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Fall 2007

The Medical Direction Team and Comparisons in Clinical Work Measures

Amr Abouleish, MD, MBA, Department of Anesthesiology, University of Texas Medical Branch

When an anesthesiology group is small and covers only one facility, the issue of “who is working hard” is moot. In a small setting, everyone can “see” everyone, and all the members take the same call and take the same time off. In contrast, as a group grows and begins to cover more than one facility, invariably there will be members of the group who think they do more work and should be paid more. In this situation, the group will need to reevaluate its compensation plans and how it measures “work done,” the majority being clinical work.

For clinical anesthesiology work, several categories of measurements can be used – all reflect the different types of compensation plans that exist in private-practice.i,ii Listed in order of prevalence, the systems used are based on (1) shift-worked (includes revenue split up equally), (2) charges or billed ASA units, (3) time billed,iii or (4) a combination. (I do not list “revenue-collected” since this is a measure of financial productivity, and not clinical productivity.)

Each of these categories values work slightly differently and devalues different types of work. Briefly, shift-worked values availability to work and assumes everyone’s daily caseload will even out in the end (since it gives no value to the actual charges billed). Charges or billed ASA units values actual charges but those billed units are dependent on OR scheduling, surgical duration, and type of surgery.ivTime billed values anesthesia time with a patient and not total time worked (since any turnover time and down time are non-billable). And finally, a combination represents a group’s attempt to minimize the downsides of each category.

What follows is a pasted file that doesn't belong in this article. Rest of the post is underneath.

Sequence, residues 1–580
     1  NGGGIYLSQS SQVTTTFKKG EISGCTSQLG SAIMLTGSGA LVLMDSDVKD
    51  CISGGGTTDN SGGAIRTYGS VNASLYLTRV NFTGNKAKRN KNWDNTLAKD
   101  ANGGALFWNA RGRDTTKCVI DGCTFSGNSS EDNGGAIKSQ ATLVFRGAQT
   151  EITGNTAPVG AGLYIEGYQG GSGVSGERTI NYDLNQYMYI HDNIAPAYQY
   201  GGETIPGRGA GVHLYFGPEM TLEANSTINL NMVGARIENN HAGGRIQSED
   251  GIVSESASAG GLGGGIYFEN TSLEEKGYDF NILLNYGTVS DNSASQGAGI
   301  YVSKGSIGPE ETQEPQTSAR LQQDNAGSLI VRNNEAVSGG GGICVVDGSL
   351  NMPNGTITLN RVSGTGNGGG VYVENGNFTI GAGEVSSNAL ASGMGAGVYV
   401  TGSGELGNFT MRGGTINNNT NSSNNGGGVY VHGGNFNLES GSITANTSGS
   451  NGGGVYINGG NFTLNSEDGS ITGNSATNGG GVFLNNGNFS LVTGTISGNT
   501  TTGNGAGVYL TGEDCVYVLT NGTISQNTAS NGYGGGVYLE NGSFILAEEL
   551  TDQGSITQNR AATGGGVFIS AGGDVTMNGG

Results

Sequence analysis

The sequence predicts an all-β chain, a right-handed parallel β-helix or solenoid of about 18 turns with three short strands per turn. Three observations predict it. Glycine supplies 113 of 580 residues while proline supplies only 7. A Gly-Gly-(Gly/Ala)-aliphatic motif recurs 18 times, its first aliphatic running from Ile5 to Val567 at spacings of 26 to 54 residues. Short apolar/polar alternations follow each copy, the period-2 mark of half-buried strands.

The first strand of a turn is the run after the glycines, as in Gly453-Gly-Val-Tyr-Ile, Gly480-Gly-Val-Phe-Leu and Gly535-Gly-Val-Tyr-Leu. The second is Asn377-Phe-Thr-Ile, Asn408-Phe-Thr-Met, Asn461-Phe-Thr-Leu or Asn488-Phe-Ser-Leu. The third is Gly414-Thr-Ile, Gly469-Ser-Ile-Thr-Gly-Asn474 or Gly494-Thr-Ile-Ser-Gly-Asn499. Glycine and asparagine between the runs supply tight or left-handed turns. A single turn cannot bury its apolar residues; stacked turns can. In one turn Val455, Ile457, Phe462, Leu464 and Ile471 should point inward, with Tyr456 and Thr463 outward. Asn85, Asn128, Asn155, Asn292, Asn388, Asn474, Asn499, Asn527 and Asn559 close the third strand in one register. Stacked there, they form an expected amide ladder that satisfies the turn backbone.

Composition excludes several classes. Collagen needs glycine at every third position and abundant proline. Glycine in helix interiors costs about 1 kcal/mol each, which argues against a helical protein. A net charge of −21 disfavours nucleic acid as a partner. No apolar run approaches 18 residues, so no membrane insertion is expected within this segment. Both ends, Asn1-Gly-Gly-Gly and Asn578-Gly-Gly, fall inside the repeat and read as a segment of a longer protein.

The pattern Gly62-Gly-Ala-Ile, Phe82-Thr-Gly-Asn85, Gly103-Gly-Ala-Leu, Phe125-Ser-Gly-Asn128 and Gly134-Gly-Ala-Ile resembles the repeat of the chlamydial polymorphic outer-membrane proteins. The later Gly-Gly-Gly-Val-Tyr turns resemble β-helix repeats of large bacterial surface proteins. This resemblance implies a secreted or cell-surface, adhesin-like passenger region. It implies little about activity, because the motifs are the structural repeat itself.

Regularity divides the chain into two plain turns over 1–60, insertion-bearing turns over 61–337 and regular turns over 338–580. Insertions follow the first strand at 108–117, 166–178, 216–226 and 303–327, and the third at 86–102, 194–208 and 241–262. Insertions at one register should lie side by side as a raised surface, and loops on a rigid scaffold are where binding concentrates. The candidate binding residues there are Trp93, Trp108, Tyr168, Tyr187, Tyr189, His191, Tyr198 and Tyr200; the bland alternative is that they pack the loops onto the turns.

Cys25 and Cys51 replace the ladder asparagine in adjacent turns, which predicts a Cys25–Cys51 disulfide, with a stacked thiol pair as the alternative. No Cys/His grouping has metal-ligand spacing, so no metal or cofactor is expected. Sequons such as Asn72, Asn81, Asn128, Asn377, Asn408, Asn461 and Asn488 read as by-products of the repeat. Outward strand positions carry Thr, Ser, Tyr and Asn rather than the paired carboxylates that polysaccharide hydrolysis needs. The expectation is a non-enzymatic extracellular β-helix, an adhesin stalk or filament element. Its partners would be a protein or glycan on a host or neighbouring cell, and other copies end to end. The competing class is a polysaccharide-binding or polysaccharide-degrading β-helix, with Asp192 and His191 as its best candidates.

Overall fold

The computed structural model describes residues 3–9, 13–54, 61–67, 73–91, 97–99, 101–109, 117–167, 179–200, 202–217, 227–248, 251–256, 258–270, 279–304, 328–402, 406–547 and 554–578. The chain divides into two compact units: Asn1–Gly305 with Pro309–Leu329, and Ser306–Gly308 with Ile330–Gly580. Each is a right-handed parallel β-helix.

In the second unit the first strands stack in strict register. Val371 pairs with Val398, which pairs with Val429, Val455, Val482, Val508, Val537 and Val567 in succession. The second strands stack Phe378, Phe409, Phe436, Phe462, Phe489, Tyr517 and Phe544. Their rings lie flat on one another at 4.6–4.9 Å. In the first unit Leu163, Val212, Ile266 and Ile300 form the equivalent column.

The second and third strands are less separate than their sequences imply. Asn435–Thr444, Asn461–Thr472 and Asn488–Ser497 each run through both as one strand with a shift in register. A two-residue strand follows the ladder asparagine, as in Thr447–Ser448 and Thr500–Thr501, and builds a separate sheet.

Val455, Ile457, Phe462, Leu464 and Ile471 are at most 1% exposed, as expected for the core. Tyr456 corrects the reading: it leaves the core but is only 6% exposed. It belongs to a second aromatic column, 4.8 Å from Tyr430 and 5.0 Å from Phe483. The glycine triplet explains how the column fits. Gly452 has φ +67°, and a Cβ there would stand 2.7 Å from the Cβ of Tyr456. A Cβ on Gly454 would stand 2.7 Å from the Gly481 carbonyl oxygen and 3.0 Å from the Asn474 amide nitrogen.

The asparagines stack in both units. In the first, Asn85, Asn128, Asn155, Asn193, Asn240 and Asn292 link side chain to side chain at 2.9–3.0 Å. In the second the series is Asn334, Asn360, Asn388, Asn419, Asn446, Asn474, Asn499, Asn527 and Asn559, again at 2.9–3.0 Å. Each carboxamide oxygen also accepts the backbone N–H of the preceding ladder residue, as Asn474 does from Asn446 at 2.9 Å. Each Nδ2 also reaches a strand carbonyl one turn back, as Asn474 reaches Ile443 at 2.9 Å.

One factor that is essential to consider is the effect of anesthesia care team model on any comparisons of work done. When a group begins to consider measuring individual work, the group will invariably look at measuring work done “per doctor” or in business “per FTE” (where FTE = full-time equivalent). For a physician-only group, there is no problem with this methodology since the work done is done only by each member. On the other hand, once you introduce anesthesia care team model, then each doctor will be producing units billed in more than one room and the issue of staffing ratios becomes important to consider. It should be noted that this issue of staffing ratio is only important if billed units – either total ASA units/charges or time-billed – are used as the measurement of work.v